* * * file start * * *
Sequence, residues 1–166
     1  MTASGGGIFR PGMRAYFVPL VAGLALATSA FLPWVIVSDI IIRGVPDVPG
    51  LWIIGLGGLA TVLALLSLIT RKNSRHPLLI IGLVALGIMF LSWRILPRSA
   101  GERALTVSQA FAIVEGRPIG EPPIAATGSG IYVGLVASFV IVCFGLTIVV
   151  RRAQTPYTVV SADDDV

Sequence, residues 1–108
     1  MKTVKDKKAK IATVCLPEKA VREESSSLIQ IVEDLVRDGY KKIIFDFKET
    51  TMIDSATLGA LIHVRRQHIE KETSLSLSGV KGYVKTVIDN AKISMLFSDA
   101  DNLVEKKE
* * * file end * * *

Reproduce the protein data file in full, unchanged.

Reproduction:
Sequence, residues 1–166
     1  MTASGGGIFR PGMRAYFVPL VAGLALATSA FLPWVIVSDI IIRGVPDVPG
    51  LWIIGLGGLA TVLALLSLIT RKNSRHPLLI IGLVALGIMF LSWRILPRSA
   101  GERALTVSQA FAIVEGRPIG EPPIAATGSG IYVGLVASFV IVCFGLTIVV
   151  RRAQTPYTVV SADDDV

Sequence, residues 1–108
     1  MKTVKDKKAK IATVCLPEKA VREESSSLIQ IVEDLVRDGY KKIIFDFKET
    51  TMIDSATLGA LIHVRRQHIE KETSLSLSGV KGYVKTVIDN AKISMLFSDA
   101  DNLVEKKE